- Operant conditioning is a learning process where a behavior is determined by a reward or a punishment.
- The behavior that is reinforced will more likely happen in the future again, while that which was punished will be less likely to happen again.
- Operant conditioning occurs in everyday life situations, for example in school.
Operant conditioning, known otherwise as instrumental conditioning, is defined as a learning process where a reward or a punishment determines behavior. When using operant conditioning, we make a connection between a specific behavior and the consequence of that behavior. There are multiple examples: the most common ones include tests done in a laboratory.
For instance, imagine we are testing the behavior of a rat, and we present two buttons in front of it, a red and a blue one. If we give it food as a reward for pressing the blue button and punish it with an electric shock for pressing the red button, it will influence its future behavior. The rat will, expectedly, learn to press the blue button since it is the one that got him the reward.
History Of Operant Conditioning
The term operant conditioning was first used by behavioral psychologist B. F. Skinner, which is the reason why we sometimes refer to this learning process as “Skinnerian conditioning.” He believed that we shouldn’t always look at internal motivations when trying to understand better why people behave a certain way. He proposed the idea that external factors have a more significant influence on behavior, and added that we have ways to observe them.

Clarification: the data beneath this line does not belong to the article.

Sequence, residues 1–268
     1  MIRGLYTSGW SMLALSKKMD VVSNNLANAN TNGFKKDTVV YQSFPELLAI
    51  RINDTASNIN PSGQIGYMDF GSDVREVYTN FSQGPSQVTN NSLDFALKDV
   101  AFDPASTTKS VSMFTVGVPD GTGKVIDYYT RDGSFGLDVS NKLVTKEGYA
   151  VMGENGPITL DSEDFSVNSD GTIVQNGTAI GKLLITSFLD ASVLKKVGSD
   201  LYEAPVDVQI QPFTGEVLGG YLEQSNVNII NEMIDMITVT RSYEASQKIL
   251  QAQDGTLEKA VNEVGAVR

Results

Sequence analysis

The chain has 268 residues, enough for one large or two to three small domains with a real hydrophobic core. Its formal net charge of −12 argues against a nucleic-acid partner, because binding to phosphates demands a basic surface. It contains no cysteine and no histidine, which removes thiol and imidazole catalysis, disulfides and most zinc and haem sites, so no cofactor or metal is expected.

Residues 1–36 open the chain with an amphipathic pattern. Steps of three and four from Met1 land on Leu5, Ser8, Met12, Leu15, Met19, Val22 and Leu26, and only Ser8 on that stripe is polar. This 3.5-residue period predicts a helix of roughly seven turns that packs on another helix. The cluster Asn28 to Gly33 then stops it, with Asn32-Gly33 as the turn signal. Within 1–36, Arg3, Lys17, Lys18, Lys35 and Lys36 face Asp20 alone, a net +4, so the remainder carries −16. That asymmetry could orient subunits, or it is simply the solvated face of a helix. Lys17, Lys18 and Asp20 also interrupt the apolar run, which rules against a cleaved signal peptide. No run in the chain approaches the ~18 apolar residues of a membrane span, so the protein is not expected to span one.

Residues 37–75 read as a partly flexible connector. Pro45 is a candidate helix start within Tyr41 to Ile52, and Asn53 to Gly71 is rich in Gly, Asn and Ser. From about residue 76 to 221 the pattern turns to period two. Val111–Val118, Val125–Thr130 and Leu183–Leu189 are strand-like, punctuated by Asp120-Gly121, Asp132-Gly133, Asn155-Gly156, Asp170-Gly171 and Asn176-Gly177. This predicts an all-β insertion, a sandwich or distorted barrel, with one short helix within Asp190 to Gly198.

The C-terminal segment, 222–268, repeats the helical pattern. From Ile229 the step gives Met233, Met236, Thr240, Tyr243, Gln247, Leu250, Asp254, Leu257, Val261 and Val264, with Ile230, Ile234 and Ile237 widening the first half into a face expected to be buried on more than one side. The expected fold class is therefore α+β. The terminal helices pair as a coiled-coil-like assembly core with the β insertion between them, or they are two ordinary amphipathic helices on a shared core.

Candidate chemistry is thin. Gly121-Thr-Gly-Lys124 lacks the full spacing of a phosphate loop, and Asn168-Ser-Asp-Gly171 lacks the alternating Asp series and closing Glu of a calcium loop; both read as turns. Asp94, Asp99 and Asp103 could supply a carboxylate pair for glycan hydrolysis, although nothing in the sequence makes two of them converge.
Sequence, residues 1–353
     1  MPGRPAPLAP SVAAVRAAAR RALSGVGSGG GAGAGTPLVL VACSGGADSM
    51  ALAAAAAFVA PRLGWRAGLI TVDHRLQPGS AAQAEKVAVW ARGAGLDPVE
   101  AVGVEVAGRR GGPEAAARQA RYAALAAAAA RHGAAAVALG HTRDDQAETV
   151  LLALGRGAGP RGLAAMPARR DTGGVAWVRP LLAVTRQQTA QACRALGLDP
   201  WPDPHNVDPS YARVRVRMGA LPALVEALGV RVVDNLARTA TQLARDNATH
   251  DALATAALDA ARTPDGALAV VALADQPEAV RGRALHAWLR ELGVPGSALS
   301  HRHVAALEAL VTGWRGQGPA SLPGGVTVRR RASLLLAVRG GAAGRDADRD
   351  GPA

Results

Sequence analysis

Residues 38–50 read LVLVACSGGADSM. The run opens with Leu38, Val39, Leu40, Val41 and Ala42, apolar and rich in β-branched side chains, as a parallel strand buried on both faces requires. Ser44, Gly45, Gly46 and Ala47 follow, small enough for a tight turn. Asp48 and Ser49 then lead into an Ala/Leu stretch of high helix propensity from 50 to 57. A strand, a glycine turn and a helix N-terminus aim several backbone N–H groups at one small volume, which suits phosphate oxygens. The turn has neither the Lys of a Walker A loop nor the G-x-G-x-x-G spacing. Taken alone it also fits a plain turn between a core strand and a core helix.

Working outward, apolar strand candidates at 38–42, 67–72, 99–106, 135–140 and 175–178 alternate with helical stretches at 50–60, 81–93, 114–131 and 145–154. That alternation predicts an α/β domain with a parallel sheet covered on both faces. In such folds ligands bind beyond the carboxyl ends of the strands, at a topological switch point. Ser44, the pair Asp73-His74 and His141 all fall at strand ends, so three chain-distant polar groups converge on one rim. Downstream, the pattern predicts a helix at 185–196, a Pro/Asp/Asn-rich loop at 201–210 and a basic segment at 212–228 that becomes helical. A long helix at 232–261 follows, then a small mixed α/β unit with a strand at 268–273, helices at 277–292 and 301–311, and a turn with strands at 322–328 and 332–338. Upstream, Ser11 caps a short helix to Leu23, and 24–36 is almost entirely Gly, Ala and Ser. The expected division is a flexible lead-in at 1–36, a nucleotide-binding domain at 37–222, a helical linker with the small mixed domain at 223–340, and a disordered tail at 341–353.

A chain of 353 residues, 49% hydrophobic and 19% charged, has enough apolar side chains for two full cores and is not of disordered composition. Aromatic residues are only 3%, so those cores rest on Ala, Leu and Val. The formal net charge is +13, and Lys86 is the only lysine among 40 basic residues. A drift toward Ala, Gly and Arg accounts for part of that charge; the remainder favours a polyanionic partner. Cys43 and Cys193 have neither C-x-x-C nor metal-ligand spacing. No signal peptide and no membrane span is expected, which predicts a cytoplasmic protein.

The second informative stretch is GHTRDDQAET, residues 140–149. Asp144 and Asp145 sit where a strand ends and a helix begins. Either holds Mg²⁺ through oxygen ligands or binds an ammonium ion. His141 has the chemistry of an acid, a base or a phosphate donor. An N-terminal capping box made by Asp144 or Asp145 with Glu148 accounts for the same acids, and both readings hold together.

Behaviorism started to gain traction in psychology during the 20th century, but most psychologists focused on associative learning. Skinner’s ideas were dealing with the consequences of actions that people make every day and how those consequences affected their future behavior. He tried explaining all the ways we can acquire the behavioral patterns that we use in our everyday lives.
A similar theory, called “the law of effect, greatly influenced Skinner. This theory proposed that outcomes determine whether a specific action will be repeated. If the outcome is positive, we are more likely to repeat the action, while if it is negative, the action has less chance of being repeated.
Examples Of Operant Conditioning
Operant conditioning does not only happen in a laboratory; it is a learning method that is present in our everyday lives. We are constantly met with rewards and punishments, even if we’re not entirely aware of it. The most obvious example would be the classroom. Students that do well on tests get praised and get good grades; however, those with lesser scores or those whose behavior isn’t considered exemplary are met with various forms of punishment. The most notable forms are bad grades, but there is also social or peer pressure.
Another example would be a workplace where similar rules apply. Employees that do well can get a raise and often get praised by their bosses, while those that do not achieve good results are in danger of getting fired. These are all examples of operant conditioning, no matter how simple they may seem. People can use psychology in many different forms, often without even noticing it. And we are influenced by a large number of psychological factors that can significantly determine how we act at any given time. Operant conditioning becomes a part of our subconsciousness without us noticing it.